Bengaluru: India’s Mars Orbiter craft has run out of propellant and its battery drained beyond the safe limit, fuelling speculation that the country’s maiden interplanetary mission ‘Mangalyaan’ may have finally completed its long innings. The Rs 450 crore Mars Orbiter Mission was launched onboard PSLV-C25 on November five, 2013, and the MOM spacecraft was successfully inserted into Martian orbit on September 24, 2014, in its first attempt.
“Right now, there is no fuel left. The satellite battery has drained,” sources in the Indian Space Research Organisation (ISRO) told PTI. “The link has been lost”.
There was, however, no official word from the country’s national space agency, headquartered here.
With fuel on board, ISRO had been performing orbital manoeuvres on MOM spacecraft to take it to a new orbit to avoid an impending eclipse in the past.
“But recently there were back-to-back eclipses including one that lasted seven-and-half hours,” officials said on condition of anonymity, noting that all the propellant on board the ageing satellite had been consumed.
“As the satellite battery is designed to handle eclipse duration of only about one hour and 40 minutes, a longer eclipse would drain the battery beyond the safe limit,” another official said.
ISRO officials noted that the Mars orbiter craft functioned for almost eight years, well beyond its designed mission life of six months.
“It has done its job and yielded significant scientific results,” they said.
The objectives of the mission were primarily technological and included design, realisation and launch of a Mars Orbiter spacecraft capable of operating with sufficient autonomy during the journey phase; Mars orbit insertion/ capture and in-orbit phase around Mars.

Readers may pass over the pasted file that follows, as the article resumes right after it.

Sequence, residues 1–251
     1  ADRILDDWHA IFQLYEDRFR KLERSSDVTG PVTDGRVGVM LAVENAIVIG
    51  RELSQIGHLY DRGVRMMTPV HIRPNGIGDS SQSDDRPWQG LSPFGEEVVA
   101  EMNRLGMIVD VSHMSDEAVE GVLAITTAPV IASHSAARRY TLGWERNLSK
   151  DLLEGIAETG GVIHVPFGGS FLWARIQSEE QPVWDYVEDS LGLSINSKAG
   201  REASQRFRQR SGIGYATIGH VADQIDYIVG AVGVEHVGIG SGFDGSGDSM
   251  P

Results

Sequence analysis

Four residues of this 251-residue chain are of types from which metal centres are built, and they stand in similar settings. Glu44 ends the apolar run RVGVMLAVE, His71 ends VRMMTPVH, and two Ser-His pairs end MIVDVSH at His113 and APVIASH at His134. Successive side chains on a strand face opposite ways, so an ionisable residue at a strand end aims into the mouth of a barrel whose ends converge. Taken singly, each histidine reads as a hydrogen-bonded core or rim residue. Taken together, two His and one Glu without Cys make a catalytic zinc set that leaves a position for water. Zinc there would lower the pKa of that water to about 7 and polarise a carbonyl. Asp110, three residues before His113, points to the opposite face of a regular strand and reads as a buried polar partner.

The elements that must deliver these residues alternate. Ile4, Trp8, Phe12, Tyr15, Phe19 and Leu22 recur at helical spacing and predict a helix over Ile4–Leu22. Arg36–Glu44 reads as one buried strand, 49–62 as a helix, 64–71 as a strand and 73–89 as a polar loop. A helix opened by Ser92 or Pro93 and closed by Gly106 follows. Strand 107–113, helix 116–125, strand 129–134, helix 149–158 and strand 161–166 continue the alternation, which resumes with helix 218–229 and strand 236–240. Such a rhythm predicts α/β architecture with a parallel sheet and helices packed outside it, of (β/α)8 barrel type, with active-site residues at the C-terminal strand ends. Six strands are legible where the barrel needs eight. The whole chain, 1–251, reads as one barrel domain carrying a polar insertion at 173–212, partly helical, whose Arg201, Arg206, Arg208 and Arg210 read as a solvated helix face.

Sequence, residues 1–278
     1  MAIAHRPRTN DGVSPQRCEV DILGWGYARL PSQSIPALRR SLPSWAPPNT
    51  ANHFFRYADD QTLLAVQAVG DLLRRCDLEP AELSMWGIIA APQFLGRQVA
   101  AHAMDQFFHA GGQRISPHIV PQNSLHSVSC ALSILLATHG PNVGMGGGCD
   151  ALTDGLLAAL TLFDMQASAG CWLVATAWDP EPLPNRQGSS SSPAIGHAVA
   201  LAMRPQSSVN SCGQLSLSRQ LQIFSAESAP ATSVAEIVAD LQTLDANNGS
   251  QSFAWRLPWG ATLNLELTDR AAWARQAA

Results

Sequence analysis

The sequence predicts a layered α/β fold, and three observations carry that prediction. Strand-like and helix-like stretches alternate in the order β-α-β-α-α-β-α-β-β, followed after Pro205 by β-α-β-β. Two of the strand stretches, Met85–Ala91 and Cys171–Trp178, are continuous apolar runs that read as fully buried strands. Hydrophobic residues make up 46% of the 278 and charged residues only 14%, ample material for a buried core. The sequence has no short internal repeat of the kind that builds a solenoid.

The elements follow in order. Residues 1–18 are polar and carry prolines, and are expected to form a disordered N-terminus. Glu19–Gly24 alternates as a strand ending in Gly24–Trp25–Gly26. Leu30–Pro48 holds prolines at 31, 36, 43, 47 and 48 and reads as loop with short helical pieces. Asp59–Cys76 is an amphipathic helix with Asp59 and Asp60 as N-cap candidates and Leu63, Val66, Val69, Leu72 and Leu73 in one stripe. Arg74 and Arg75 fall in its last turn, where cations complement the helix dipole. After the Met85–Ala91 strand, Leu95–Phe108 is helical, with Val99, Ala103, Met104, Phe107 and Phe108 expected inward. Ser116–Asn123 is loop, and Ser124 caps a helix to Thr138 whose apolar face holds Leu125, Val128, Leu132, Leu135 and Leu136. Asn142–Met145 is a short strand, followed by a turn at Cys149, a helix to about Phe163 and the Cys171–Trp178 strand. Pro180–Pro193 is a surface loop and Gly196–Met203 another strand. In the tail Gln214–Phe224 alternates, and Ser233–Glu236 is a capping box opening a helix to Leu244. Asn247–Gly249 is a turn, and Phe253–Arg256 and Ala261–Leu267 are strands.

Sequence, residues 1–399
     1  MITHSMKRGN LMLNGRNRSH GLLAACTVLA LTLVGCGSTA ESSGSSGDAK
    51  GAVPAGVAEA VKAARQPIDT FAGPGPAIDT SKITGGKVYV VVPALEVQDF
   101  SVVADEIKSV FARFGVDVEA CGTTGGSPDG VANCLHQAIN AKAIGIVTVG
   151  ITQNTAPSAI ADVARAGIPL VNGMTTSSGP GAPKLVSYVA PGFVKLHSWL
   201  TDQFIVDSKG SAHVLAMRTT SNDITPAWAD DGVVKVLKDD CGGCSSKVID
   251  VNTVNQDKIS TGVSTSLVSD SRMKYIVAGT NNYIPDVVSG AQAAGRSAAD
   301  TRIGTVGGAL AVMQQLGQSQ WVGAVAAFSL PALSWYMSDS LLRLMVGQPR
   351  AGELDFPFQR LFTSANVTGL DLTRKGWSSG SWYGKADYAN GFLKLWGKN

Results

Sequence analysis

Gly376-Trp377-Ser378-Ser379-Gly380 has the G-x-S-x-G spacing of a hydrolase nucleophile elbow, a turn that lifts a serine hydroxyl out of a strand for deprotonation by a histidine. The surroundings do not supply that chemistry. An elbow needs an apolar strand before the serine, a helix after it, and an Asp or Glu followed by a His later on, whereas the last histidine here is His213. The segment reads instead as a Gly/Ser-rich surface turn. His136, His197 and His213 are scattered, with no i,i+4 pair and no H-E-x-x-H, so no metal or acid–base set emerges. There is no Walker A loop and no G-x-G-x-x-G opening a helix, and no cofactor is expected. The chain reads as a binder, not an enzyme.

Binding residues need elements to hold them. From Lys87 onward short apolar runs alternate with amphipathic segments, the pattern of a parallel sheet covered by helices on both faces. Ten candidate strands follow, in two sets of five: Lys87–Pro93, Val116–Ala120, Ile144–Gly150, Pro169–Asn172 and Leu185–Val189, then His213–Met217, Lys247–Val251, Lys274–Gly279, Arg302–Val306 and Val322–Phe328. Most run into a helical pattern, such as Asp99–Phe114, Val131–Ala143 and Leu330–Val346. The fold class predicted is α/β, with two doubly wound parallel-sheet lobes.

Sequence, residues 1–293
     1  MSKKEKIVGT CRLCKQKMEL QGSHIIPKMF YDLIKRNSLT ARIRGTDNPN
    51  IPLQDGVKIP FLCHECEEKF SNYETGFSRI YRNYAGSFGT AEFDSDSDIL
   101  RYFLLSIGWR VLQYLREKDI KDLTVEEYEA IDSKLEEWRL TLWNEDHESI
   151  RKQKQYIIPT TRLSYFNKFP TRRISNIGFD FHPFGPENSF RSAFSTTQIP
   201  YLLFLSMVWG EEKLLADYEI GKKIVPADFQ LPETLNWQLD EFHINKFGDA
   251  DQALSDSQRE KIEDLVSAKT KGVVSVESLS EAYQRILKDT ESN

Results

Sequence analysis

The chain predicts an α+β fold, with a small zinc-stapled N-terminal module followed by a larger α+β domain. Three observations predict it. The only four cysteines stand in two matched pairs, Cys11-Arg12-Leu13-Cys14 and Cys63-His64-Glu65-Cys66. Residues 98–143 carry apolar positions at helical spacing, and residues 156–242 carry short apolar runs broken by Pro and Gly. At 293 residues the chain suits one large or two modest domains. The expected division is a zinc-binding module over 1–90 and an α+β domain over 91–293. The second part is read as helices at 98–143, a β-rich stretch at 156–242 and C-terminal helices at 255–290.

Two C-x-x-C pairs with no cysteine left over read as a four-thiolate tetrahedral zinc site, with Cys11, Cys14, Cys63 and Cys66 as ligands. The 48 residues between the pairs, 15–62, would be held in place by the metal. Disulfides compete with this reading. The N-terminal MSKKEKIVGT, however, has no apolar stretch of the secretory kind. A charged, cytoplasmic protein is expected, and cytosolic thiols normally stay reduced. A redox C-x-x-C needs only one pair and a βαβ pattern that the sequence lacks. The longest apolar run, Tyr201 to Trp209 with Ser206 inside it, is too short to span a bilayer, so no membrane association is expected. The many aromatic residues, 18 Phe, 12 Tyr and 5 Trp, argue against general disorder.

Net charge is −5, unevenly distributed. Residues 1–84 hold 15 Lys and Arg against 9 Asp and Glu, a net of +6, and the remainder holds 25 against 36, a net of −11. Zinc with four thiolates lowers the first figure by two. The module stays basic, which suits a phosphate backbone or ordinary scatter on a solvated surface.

A recent image of the mysterious moon of Mars, Phobos, as captured by India’s Mars Orbiter Mission
The MOM — a technology demonstration venture — carried five scientific payloads (total 15 kg) collecting data on surface geology, morphology, atmospheric processes, surface temperature and atmospheric escape process.
The five instruments are: Mars Color Camera (MCC), Thermal Infrared Imaging Spectrometer (TIS), Methane Sensor for Mars (MSM), Mars Exospheric Neutral Composition Analyser (MENCA) and Lyman Alpha Photometer (LAP).
“MOM is credited with many laurels like cost-effectiveness, short period of realisation, economical mass-budget, and miniaturisation of five heterogeneous science payloads”, ISRO officials pointed out.
Highly elliptical orbit geometry of MOM enabled MCC to take snap shots of ‘Full disc’ of Mars at its farthest point and finer details from closest point.
The MCC has produced more than 1000 images and published a Mars Atlas.
Meanwhile, plans on a follow-on ‘Mangalyaan’ mission to the red planet, however, are yet to be firmed up.
ISRO came out with an ‘Announcement of Opportunity’ (AO) for future Mars Orbiter Mission (MOM-2) in 2016 but officials acknowledged that it’s still on the drawing board, with the coming
‘Gaganyaan’, ‘Chandrayaan-3’ and ‘Aditya – L1’ projects being in the space agency’s current priority list.
The AO had said: “It is now planned to have the next orbiter mission around Mars for a future launch opportunity. Proposals are solicited from interested scientists within India for experiments onboard an orbiter mission around Mars (MOM-2), to address relevant scientific problems and topics.”
“Not in the approved list as of now”, a senior ISRO official told PTI on being asked about an update on the MOM-2.
“We need to formulate the project proposals and payloads based on the wider consultation with the research community,” the official said. “It’s still on the drawing board. But needs some more details and international collaboration for finalising the mission.”